Highland Perthshire

Highland Perthshire

Older man holding a mobile phone


Highland Perthshire, the area west of the A9, was one of the first areas that Rural Wisdom worked in between 2017 and 2019. Within this area, the main communities we worked with were Aberfeldy, Kenmore, Fortingall, Glen Lyon, Kinloch Rannoch, Grandtully, Strathtay and Amulree.


How it all began

The project began by telling people about the Rural Wisdom project and that we wanted to hear from them. As well as sharing information on community noticeboards, e-newsletters and through Facebook, we put a piece in the local magazine the Quair as people said this was the best way to reach people across the area. Over the summer of 2017 we met with 17 community groups, 8 groups of local people attending group activities, attended 4 gala days, Highland Games and 4 Community Councils. Overall, we met over 175 people who live or work in this community, as well as people from other rural locations, all of whom raised similar themes.

Our aims

Feedback from those we met made clear that Highland Perthshire was a welcoming and friendly place that values the strength of its communities. Older people wanted to be heard, to continue being an active part of this and to remain independent. People wanted to have better access to more flexible support in the area. Community facilities were good, and people valued them, but there were barriers of use and older people were looking for more access to computers. Informal routes for information and communication worked well but poor access to broadband was a major problem for the area. People wanted to be part of building connections in the community, including between people moving to the area and those already living there, and between older people living in settings like care homes and the wider community.

Highlights include:

Activities to provide social connection

Local people wanted more options for social connections so we supported the delivery of activities in the community where people could meet regularly including community wide intergenerational events at the weekend. There was a specific focus on including those living in the local care home in activities, as well as designing events that would appeal to men in the area and get them involved. Local groups like Bridge for Beginners and the Men’s Shed were encouraged to implement taster and beginners’ sessions, to get more people along and involved.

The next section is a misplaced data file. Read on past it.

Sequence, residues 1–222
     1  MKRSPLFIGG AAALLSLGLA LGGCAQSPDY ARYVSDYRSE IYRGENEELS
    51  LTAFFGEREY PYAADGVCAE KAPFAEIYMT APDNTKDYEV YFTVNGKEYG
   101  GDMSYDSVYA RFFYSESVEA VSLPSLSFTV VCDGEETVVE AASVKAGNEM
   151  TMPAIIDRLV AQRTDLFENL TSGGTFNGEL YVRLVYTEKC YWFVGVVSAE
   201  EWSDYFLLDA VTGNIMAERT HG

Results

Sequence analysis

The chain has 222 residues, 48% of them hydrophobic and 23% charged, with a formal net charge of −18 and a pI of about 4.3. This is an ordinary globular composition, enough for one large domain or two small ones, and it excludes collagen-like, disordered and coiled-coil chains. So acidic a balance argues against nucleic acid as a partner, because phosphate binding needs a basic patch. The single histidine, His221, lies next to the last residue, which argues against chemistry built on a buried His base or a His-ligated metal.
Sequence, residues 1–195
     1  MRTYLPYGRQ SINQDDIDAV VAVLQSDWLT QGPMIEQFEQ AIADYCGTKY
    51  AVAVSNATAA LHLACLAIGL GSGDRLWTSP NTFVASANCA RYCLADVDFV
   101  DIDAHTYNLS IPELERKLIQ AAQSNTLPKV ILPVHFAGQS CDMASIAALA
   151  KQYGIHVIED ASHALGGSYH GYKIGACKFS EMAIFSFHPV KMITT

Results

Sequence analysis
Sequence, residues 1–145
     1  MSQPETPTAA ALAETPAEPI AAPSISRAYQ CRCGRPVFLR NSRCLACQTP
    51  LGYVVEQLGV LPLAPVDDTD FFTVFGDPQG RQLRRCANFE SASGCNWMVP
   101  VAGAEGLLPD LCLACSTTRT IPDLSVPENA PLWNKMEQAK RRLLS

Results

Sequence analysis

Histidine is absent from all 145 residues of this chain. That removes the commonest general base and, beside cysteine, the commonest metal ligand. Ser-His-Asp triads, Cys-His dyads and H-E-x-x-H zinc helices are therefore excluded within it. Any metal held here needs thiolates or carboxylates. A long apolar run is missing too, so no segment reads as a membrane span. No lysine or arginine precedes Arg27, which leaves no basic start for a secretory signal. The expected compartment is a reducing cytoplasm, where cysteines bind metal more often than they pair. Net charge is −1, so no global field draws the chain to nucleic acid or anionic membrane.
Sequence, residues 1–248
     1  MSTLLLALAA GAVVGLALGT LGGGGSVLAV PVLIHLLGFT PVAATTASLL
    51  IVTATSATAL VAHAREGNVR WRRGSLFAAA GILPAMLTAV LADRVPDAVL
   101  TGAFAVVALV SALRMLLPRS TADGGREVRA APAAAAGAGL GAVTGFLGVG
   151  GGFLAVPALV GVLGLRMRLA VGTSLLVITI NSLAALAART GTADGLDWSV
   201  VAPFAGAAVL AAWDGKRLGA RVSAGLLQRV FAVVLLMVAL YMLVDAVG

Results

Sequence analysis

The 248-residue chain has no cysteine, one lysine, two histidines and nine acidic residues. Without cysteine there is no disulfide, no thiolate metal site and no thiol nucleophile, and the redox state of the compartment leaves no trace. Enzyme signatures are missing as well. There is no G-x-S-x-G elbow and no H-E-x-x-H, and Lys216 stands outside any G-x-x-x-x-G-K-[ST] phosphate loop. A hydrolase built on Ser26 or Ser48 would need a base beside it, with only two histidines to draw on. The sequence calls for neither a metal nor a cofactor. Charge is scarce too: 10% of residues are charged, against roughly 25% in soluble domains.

Making the area work better for residents

Local shops and businesses were asked to review access to their building and parking to ensure that facilities were as accessible as possible for people of all ages and abilities within the community. We also designed and delivered a lift share scheme to improve options for local transport. The scheme also focussed on raising awareness of the mobility challenges of older people even though they do not have an official Blue Badge. As part of this initiative, we also collaborated with Living Streets to raise awareness about making the centre of Aberfeldy safer and easier for pedestrians.

Access to important information

We ensured important information on money matters, managing fuel allowances, and how to protect yourself from scams was circulated. Information was prepared and shared on practical ways to open food packaging and prepare food to help people stay independent. The initiative also provided support for people when they wanted to apply for Blue Badges.

What we achieved

The developments in Highland Perthshire ensured that the community became one that works for older people and has a positive impact on everyone living in the area. By improving communication and access to services, older people were better supported and able to live fuller lives more independently.

Following on from our ‘Let’s Talk Transport’ event the Upper Tay Transport Group was created. The group went on to host a follow-up ‘Shout About Transport’ event; increased training opportunities for volunteer minibus drivers; and developed a transport survey. They also produced a film, timetable, and leaflet called ‘Having Fun on the 91’ to inspire people to use the existing bus service.

Along with the Care and Wellbeing Co-op we supported the development of a new project called Support Choices. They offer a free independent service in Highland Perthshire, helping to support people through the process of getting Self-directed Support. Support Choices have gone on to become an independent organisation and is a member of Self-Direct Support Scotland (SDSS). For more information about Support Choices or Self-Directed Support you can visit www.supportchoices.co.uk

If you would like to find out more about our work in Highland Perthshire, or other areas, you can read our Rural Wisdom Blog or get in touch with Ruth Wright and Kate Robertson at hello@ruralwisdom.org

Half drunk cup of coffee and bus timetable on a tabletop